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Catching Up With ...
Written by Bradley Schlegel, Staff Writer
2020-06-03

Sandy Ann Heffentrager Barrow

            Sandy Ann Heffentrager Barrow wasn't planning on going to college after high

Sandy Ann Heffentrager

school. Soon after graduating from Upper Perkiomen in 1959, her father forced her to take a job at a children's clothing factory in Red Hill. However, she lasted less than two weeks after watching a co-worker suffer a sewing accident.

            A three-sport athlete, Heffentrager had no plans to attend college. As a student in the commercial curriculum, she struggled in high school but was able to graduate.

            "All my friends were preparing for college," Heffentrager said. "I was having fun and focusing on my sports."

            At the urging of a teacher, she applied at East Stroudsburg University. In 2003, Heffentrager Barron retired from the Quakertown Community School District following a long career as a health and physical education teacher.

            "Once I learned the ropes, it was the place I needed to be," she said. "When you see that a student understands what you're teaching them, and you see that the light goes on, is the best part of the job."

            Heffentrager competed in field hockey, basketball and softball for the Tribe. She described hockey as her top sport.

            "I liked being on the bus with the girls," said Heffentrager, who grew up in Pennsburg near Perkiomen School. "We had so much fun. And I loved to compete on the field."

            At East Stroudsburg, she was named the MVP of the field hockey team as a senior in 1962. She also played tennis for the Warriors. Growing up, Heffentrager taught herself to play by absorbing lessons from Perkiomen School's tennis coach.

            At Milford Middle School and the Quakertown High School, the teacher made sure her students followed all the rules of any athletic activities. She said it helped to create a constructive learning environment.

            "The ones I meet up with now are all well rounded," said Barrow, a mother of four who also coached field hockey, tennis, softball and basketball in the district. "I feel good when I see they are successful. It means I had a fraction of influence in their lives."

 

Francis Schwenk 

            As a student-teacher and a senior at Northwest Missouri State during the spring

Fran Schwenk

of 1969, Francis Schwenk decided to enlist in the U.S. Marines. But he failed the physical and was forced to find a different path.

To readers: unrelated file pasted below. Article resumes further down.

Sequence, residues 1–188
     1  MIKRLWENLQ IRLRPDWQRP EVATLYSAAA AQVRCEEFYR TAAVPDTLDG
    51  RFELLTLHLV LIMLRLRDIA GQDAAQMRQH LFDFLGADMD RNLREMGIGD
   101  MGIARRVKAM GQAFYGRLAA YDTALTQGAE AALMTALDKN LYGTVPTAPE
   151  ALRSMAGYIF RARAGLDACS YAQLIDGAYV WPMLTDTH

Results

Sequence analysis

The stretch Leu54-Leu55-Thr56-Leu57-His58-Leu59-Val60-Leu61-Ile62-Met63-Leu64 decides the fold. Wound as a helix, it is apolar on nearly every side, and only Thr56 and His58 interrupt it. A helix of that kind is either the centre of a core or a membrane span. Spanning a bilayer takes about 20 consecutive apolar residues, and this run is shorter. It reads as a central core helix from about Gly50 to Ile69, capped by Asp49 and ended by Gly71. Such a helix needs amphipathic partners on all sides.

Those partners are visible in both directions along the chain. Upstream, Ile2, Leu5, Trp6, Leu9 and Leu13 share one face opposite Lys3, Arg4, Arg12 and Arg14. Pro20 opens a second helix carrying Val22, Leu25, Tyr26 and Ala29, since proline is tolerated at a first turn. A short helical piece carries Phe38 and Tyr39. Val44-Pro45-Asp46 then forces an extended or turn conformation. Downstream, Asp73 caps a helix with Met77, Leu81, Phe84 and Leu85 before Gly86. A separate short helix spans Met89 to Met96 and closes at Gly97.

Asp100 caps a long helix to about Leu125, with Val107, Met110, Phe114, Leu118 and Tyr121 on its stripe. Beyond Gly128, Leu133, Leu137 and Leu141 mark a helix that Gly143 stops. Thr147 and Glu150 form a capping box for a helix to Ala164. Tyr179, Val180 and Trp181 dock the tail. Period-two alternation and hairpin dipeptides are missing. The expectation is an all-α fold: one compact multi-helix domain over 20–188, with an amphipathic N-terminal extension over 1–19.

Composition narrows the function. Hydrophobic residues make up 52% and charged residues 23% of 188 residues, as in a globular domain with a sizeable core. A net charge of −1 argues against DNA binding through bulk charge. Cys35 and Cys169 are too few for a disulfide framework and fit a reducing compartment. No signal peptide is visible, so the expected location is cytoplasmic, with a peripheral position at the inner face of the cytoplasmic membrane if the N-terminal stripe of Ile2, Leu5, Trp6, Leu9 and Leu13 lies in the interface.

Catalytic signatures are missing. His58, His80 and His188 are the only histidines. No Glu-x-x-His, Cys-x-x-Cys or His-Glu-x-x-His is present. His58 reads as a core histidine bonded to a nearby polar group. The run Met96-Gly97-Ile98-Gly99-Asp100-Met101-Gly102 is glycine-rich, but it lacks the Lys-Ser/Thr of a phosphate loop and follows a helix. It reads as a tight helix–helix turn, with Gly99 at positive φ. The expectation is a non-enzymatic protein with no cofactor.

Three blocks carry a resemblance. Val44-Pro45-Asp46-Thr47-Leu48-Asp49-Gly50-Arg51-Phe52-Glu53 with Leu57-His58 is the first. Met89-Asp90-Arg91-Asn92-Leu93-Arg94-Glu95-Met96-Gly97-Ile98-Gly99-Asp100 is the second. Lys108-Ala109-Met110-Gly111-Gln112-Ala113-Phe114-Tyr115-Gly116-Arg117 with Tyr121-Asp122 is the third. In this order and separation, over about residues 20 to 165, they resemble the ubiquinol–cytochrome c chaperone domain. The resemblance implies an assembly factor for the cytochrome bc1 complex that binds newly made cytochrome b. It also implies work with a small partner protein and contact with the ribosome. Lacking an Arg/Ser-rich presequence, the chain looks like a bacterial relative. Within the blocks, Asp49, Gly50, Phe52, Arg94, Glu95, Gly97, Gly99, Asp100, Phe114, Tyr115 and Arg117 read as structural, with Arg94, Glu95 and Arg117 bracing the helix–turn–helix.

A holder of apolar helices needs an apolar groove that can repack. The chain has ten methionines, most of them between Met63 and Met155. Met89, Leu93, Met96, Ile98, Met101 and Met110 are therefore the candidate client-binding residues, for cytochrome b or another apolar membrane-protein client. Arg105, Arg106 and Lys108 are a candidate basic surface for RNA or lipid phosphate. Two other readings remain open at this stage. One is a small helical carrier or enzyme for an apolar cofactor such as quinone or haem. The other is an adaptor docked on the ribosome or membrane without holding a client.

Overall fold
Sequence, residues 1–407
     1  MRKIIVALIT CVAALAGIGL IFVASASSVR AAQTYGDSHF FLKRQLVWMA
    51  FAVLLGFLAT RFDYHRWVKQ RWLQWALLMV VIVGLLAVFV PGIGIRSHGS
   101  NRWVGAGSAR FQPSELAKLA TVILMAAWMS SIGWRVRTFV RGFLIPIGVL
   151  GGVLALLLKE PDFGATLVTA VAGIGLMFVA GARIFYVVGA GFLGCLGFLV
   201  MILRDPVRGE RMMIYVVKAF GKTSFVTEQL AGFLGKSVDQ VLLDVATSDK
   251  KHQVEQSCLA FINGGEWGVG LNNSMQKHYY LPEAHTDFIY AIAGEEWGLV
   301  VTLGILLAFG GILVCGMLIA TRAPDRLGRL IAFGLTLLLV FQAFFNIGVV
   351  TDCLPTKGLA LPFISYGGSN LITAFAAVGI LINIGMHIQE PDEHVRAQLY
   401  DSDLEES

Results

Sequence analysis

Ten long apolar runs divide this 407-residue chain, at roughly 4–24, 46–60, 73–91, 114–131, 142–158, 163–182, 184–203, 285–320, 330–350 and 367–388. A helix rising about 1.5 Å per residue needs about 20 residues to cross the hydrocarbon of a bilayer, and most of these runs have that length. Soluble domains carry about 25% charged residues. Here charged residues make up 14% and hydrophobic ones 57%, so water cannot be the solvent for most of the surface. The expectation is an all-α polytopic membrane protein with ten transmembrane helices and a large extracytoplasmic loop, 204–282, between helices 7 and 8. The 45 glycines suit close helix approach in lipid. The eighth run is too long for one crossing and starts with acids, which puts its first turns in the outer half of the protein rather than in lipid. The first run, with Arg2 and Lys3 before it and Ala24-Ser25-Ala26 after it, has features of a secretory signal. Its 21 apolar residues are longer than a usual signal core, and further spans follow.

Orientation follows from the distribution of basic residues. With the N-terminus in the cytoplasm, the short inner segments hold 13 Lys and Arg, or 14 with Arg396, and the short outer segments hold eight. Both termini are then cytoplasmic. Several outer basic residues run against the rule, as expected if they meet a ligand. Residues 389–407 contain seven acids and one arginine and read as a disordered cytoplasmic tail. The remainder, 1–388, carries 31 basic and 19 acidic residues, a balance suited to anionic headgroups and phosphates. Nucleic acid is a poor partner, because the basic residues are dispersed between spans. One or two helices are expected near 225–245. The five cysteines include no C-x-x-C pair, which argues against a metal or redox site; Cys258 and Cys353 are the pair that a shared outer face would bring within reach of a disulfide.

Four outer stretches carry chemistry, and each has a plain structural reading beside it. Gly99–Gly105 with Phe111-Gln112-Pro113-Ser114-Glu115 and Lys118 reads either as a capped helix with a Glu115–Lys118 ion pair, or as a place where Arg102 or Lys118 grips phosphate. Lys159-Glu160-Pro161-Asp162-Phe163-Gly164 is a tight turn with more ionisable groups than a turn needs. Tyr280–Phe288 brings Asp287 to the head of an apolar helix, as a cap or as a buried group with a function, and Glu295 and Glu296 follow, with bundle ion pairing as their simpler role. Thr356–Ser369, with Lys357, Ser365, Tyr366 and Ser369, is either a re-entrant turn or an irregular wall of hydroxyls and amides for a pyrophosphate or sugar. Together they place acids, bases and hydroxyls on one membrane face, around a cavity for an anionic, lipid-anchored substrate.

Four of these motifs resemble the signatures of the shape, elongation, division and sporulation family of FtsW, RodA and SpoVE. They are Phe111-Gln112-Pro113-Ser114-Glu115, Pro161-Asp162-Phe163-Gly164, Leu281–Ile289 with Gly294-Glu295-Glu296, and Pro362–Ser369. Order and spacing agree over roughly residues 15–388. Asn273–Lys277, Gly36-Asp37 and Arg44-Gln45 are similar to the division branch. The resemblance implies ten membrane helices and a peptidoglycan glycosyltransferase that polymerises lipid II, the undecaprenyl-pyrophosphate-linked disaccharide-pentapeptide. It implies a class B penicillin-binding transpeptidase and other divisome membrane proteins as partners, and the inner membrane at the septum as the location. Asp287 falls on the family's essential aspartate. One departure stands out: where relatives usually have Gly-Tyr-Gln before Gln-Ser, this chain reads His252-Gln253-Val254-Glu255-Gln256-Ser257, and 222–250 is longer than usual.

Schwenk, a 1965 graduate of Upper Perkiomen High School, accepted an offer to teach in North Kansas City School District. He also served as the head football coach at a junior high.

            "When I got on the field for the first practice, I just loved it," said Schwenk, who relied on the knowledge he gained from Indians Coach Bill Keeny and his staff.

            Over the years, Schwenk has spent 50 seasons coaching at high schools and colleges across the Midwest. After graduating from Northwest Missouri State, located in Maryville, the Red Hill native spent time at seven institutions.

            He served as the head coach at his alma mater, Doane College, and William Jewell College, posting an overall record of 180-127. At Doane College, in Crete, Neb., Schwenk served as head coach from 1984 to 2004. His teams posted an overall record of 114-87-3 and made three postseason appearances in the NAIA national playoffs. The Tigers advanced to semi-finals in 1997.

            A two-year starter for the Tribe, Schwenk earned All-Conference honors at defensive end and fullback as a senior. He was one of just two two-way starters during the 1964 season.

          "It was quite an honor," Schwenk said. "I did what I had to do. I did what I had to do to win. Coach Keeny taught me toughness more than anything. He could challenge you on the field, but, as a player, you would get a pat on the back or an encouraging word when you least expected it."

            Schwenk earned four letters and started two seasons for the Bearcats as a college player. He said his high school coaching staff prepared him to compete.

            "I wasn't the greatest player, but I met the challenge," said Schwenk, who lives in Liberty, Miss. and has three grown daughters and six granddaughters. "I got the most out of my ability."


 

 

 

 

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